Jack just turned 3 in July and we decided to officially start Preschool with him. He loves learning and loves structure, so I knew he would thrive having a "school time" during the day. We decided to start with learning his Alphabet.
"Preschool Our Way"...
Each week we learn a new letter of the Alphabet. Each project/craft/work page is centered around that specific letter. We currently use many different methods to help him learn each letter's name and sound. I try to vary between structured worksheets, a craft, a song, a game, and hands on learning/sensory.
While we do have a few work books that we purchased, the majority of worksheets are made up by me. Pinterest has also been a wonderful help with finding many free resources for teaching methods, projects, and even lesson plans.
Here is one of Jack's favorite games: He has to dig out the foam letters from the bean box, then put them into the appropriate matching box on the paper. When he places a letter in the box, we say the letter name and the sound it makes. Repetition is the key! The more you can go over and over and over, the better they will remember. I also throw a few letters in that he has not learned yet, those he puts into a separate pile, acknowledging that they do not match.
To practice our writing skills we have adapted a few different ideas. Jack isn't quite ready for the trace the broken lines concept so instead I simply draw out the letter with a marker, and he traces the letter with a paint pen. These paint pens are his favorite thing to use!
This is great pre-writing skill builder! Draw out the letter you are learning and have your child place stickers in a row along the letter. It is wonderful for fine motor skills and hand eye coordination practice. I will say this is not Jack's favorite since it takes a lot of focus for him. So I try to keep him motivated to finish and then we do something a lot less intensive after to let his little mind rest. Seriously, he looks like his brain has been zapped after this activity from focusing so hard! lol
We do have a few workbooks that we use. We have phonics, numbers, cutting, and pasting books. However, with all the free resources on line, you honestly don't even need to bother buying them. For the week of the letter A instead of using our cutting book I made a Trail of Ants instead. He loved this activity so much!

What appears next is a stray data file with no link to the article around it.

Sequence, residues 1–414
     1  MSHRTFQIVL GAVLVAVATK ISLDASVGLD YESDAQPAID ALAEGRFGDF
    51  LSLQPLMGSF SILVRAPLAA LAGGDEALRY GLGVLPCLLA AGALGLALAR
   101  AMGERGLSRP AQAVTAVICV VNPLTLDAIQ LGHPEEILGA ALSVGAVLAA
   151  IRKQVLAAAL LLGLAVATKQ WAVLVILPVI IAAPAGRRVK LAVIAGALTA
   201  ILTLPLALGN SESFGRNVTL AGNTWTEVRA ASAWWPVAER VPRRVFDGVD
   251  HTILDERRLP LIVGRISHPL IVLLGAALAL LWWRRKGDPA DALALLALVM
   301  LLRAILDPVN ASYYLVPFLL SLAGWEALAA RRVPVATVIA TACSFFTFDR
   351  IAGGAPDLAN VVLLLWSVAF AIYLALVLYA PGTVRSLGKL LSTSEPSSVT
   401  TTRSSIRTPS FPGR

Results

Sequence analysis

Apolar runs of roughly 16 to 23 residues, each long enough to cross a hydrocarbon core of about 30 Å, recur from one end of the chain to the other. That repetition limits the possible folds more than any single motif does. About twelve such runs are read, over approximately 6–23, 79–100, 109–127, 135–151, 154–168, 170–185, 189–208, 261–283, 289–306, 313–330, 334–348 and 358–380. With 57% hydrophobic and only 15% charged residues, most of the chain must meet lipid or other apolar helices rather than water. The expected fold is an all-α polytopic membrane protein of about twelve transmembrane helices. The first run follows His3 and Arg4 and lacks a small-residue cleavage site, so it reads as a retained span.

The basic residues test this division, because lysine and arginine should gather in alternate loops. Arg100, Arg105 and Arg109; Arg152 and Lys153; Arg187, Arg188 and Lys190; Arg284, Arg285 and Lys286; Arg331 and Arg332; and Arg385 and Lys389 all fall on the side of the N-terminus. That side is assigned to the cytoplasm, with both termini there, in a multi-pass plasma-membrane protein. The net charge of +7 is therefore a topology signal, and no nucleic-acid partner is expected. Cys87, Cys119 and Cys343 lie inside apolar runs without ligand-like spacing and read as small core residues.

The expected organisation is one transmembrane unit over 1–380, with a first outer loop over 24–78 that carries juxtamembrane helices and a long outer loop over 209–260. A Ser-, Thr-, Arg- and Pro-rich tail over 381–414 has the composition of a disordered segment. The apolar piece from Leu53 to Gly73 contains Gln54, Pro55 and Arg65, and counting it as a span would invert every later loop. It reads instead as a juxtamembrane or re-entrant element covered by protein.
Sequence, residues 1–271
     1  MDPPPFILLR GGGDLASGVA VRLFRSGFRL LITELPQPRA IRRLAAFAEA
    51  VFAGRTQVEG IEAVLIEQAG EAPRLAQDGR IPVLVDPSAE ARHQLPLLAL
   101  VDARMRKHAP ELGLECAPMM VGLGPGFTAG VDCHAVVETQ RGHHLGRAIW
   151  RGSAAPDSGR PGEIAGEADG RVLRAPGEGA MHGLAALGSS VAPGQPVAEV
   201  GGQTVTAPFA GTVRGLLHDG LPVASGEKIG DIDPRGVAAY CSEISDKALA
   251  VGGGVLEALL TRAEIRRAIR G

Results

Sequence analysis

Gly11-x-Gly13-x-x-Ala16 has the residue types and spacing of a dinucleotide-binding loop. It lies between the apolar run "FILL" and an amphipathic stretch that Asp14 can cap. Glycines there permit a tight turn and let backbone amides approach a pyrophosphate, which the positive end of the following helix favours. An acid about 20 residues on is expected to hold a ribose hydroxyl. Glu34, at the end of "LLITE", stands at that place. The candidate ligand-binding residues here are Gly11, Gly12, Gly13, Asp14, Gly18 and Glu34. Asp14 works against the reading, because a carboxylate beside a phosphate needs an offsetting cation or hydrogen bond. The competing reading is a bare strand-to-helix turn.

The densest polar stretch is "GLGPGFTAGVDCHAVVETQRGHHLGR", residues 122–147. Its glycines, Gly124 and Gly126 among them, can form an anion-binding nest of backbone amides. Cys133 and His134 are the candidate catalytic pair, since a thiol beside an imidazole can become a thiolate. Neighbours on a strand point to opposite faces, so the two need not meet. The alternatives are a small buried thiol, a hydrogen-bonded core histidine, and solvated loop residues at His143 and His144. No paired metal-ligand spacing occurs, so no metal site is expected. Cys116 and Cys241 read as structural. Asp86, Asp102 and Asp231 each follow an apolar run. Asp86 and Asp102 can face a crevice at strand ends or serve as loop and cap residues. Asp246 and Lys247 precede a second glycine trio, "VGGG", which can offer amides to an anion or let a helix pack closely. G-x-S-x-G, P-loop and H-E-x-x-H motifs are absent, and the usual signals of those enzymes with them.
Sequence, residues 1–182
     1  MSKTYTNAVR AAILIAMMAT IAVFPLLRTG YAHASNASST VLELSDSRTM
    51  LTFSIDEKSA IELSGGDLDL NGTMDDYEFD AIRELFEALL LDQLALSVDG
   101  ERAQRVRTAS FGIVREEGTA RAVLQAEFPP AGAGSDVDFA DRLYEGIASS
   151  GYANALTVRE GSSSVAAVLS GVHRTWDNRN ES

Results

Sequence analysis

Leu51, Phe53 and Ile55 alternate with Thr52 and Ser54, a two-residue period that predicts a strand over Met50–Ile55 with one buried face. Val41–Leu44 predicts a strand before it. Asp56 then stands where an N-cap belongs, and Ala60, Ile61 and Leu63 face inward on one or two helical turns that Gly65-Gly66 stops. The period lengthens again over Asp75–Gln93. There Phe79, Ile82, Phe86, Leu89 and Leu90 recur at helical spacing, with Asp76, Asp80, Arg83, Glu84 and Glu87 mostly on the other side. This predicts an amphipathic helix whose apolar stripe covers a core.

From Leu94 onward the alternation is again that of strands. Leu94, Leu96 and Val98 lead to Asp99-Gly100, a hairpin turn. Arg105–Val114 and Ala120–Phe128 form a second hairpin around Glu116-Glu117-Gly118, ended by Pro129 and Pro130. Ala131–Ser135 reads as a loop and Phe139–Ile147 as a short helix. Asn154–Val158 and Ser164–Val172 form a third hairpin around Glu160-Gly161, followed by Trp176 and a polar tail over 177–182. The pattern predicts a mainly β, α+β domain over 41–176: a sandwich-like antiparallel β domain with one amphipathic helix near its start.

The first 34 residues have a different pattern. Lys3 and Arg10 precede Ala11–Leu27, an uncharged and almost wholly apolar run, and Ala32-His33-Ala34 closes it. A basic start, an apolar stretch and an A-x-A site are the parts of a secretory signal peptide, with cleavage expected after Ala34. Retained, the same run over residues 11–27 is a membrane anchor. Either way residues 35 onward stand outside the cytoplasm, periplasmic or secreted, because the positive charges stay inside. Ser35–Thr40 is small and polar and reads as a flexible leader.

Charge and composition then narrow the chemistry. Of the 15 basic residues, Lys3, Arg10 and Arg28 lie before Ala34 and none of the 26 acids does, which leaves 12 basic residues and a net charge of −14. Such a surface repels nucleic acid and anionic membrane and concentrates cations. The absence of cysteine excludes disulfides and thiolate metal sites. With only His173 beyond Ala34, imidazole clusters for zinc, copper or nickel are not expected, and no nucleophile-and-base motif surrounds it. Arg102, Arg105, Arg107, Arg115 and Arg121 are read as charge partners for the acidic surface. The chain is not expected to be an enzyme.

What else do we like to do:
Library day: On Mondays we try to make a trip to the library to find books that start with the Letter of the week. For letter A week we read about Ants, Armadillos, Alligators, and Apples. We read through the book once, then go back and find as many letter A as we can.
ABC Bible Verse: This has been my favorite part of our preschool. I did not think that Jack would be able to really retain a full Bible verse, but decided to go ahead and try it. I am amazed at not only how quickly he learns them, but how well he remembers them even weeks later! We are using I Can Teach My Child's ABC Printable Scripture Cards. They are wonderful! And free! Each letter has it's own Bible verse to learn with it. We simply put hand motions to the verse and repeat it a few times every day. Jack has learned it in full by the end of the first day, and usually can say it all by himself by the second. So, that makes Wednesday-Sunday (we do the verse, not school, every day) simply review and committing it to memory.
Grocery Store Letter Hunt: This is Jack's all time favorite game to play. Before we go out to any store I give him a 3x5 card that has the letter of the week written on it. As we are going through the store, Jack's job is to find the letter any where and tell me about it. It is so cute how excited he gets..."the letter A mom!!!!!!!!!" The first time playing this took a little while for him to get the concept but now he is a pro. He has even started pointing out the letter on billboards and signs outside when we are driving in the car.
Letter Craft: We love to do at least one really fun project where we turn the letter of the week into something else. No Time for Flash Cards has a fantastic list of crafts for each letter. You can also find free printable letters to use for crafts from Learn Create Love.
Our structured sit down "school time" usually consists of around 30 minutes -1 hour a day. This is when we will go over what our letter is, practice our handwriting skills, and make our craft. Learning happens through out the entire day though. We have reading time, and play with play dough- spelling out our letters, or making a dog for the letter D. We paint, color, or sing. I think sometimes our most meaningful lessons happen during our every day life as opposed to our structured time. And of course we make lots and lots of time for just play.
Make sure to stay flexible. If there is a day in which Jack is really struggling to stay focused, we will only do one structured, focused activity and then try to do more hands on, sensory, or play based learning. Every child is different and therefore learns differently. Just because something works great for my child, doesn't mean it will work perfect for yours. Take time to learn your child's interest and strengths, then come up with a plan to use those to help them learn.
In a nut shell (or a very long blog post) that is how we do it.
Any one else out there in the midst of preschool? Any tips or fun things that you and your children enjoy?